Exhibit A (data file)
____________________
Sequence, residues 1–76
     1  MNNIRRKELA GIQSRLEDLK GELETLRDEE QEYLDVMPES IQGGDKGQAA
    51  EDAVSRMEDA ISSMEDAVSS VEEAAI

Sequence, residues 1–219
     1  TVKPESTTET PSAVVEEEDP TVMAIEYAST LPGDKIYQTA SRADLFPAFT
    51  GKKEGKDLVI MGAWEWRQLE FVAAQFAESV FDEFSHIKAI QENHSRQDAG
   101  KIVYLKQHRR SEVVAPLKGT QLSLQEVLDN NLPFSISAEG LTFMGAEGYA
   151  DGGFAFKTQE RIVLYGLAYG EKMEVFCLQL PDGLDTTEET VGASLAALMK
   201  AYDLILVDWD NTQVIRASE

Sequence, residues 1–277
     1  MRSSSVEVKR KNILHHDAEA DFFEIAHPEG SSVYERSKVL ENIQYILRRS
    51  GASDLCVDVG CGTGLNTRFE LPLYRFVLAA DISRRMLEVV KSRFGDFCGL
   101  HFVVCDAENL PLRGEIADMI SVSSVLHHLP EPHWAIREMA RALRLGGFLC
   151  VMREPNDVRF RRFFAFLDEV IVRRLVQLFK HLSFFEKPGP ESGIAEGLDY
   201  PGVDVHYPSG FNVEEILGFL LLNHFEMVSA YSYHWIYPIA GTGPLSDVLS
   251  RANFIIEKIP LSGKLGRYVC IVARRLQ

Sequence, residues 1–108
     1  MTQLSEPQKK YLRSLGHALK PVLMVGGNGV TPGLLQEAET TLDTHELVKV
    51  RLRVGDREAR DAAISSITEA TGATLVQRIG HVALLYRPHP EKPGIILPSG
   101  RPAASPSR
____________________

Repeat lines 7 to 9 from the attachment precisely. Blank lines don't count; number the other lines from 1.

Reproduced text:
   101  KIVYLKQHRR SEVVAPLKGT QLSLQEVLDN NLPFSISAEG LTFMGAEGYA
   151  DGGFAFKTQE RIVLYGLAYG EKMEVFCLQL PDGLDTTEET VGASLAALMK
   201  AYDLILVDWD NTQVIRASE